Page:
The trash talk has begun, albeit from a strange place.
Taking a break from his usual chirping on Capitol Hill, Sen. Chuck Schumer (D-N.Y.) turned his ill-will away from budget cuts and towards the Flyers, with regards to their upcoming playoff series against the Buffalo Sabres beginning on Thursday.
VOORHEES, N.J. — In the Stanley Cup Finals last season, Kris Versteeg proved himself a Flyers nemesis. His chippy and tough-checking style, mixed with incessant chirping, had him atop the Flyers fan’s long list of most despised Chicago Blackhawks.
Now going to war with, rather than against the Flyers, in the post season against the Buffalo Sabres on Thursday, Versteeg still doesn’t think he has the Flyers’ faithful entirely in his corner.
It has been a long and draining couple weeks for the Flyers.
Close losses in important games, including four head-scratching defeats in their last five tries, had the word collapse on the tip of everyone’s tongue.
But with the bad taste of their near-meteoric fall down the standings rinsed away by an Atlantic Division title clinch, the second-seeded Flyers, thanks to nearly a week off before Game 1 at the Wells Fargo Center against the No. 7 Buffalo Sabres, get a chance to wipe the slate and prepare for a brand new season.
The Flyers flat-lined in the visitors locker room at Scotiabank Place in Ottawa on Tuesday. The 5-2 loss, which was the team’s fourth in a row, completely sucked the remaining life and any possible answers out of an already vapid and confused squad.
They were dead on the table.
Mike Richards hasn’t exactly had a stellar season.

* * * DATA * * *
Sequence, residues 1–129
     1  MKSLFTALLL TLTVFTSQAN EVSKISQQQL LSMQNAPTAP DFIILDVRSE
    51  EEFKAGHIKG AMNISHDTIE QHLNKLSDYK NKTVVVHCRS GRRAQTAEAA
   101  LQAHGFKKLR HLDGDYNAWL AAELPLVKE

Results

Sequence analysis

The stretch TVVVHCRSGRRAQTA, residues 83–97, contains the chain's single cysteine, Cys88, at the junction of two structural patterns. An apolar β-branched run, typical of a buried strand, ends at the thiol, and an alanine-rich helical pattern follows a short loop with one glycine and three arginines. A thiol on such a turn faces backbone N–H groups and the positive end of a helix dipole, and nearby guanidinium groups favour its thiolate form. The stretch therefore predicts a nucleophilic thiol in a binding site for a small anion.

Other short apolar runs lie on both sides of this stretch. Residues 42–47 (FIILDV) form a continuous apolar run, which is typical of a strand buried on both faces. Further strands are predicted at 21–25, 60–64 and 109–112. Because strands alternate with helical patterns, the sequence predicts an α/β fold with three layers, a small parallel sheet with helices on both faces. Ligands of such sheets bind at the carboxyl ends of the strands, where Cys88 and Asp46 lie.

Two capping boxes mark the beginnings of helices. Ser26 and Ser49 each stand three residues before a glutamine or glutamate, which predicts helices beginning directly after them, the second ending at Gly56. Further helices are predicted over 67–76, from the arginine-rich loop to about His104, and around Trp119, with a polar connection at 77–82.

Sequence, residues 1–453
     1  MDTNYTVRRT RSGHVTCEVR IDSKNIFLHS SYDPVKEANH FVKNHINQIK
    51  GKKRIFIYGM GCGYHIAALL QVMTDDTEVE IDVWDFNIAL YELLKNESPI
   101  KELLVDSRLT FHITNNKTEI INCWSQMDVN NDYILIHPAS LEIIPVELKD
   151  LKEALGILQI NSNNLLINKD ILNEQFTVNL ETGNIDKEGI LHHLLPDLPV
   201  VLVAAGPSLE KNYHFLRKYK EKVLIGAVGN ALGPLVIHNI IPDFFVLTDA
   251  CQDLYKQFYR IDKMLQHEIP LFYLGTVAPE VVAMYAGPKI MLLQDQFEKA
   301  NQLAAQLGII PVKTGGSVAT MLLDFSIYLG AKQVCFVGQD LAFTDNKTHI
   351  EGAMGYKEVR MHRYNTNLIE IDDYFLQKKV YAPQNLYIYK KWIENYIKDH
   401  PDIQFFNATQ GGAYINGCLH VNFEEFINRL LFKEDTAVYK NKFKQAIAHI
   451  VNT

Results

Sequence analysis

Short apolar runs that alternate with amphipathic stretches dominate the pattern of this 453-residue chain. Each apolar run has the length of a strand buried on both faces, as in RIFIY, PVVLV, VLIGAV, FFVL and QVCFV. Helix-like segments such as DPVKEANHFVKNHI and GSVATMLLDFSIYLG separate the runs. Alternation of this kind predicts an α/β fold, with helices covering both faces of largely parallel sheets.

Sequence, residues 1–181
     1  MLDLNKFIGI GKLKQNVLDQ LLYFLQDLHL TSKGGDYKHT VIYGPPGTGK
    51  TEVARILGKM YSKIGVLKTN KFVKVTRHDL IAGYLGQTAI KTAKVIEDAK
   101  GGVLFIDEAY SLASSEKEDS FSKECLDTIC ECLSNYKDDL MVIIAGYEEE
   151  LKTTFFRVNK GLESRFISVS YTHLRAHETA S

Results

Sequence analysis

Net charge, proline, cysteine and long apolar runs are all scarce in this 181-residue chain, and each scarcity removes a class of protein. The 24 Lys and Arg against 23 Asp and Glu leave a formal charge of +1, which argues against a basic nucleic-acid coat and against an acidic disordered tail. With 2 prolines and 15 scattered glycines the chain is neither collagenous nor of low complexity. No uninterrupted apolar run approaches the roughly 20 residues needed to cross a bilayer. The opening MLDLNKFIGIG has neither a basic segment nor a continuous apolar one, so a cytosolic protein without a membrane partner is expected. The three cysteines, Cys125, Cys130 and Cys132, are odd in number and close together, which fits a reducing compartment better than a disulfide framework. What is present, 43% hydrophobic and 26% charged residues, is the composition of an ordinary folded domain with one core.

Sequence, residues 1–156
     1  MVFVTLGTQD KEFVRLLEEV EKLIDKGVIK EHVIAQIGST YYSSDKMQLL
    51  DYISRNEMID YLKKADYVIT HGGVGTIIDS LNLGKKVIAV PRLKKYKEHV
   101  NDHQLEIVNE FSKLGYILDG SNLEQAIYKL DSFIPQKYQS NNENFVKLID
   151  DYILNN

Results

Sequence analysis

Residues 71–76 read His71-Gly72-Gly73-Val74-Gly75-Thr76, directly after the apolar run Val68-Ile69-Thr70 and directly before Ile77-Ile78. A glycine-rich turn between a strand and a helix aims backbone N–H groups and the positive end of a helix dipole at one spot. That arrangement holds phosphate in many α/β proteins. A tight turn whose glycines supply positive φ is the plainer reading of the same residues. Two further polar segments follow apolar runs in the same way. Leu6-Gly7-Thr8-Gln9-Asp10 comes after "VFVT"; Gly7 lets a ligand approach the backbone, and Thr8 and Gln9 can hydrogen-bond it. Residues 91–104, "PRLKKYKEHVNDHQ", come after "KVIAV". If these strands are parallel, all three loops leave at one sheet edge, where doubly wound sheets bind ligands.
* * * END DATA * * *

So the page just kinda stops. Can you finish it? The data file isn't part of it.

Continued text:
Despite amassing 65 points in 79 games, the 26-year old has appeared closer to being the Flyers’ problem rather than their solution during the late-season plummet. His sporadic production and even more sporadic physical effort had many wondering what type of leadership the quiet captain was providing. If not off the ice, where?
But on Tuesday night, something changed.
Midway through the third period of Tuesday’s 5-2 loss to the Ottawa Senators at Scotiabank Place, the Flyers officially hit rock bottom. Moments after the Senators took a two-goal lead on a power play goal from Jason Spezza, the home squad played keep away in the Flyers’ zone for what seemed like minutes, toying with what appeared to be a broken junior varsity team.
The reaction from the Flyers was telling but far from surprising.
Call it an insurance policy. Call it competitive motivation. Whatever it’s labeled, Tuesday’s recall of goaltender Michael Leighton on re-entry waivers, if he clears, will change the Flyers’ net dynamic for the better, at least on the ice.
For all of March and now into April, the Flyers have needed a backstop, either Brian Boucher or rookie Sergei Bobrovsky, to catch ablaze. Although both goalies have seen varied success, with Bobrovsky appearing to be the playoff starter, it hasn’t happened. And 79 games into the season, it’s not going to.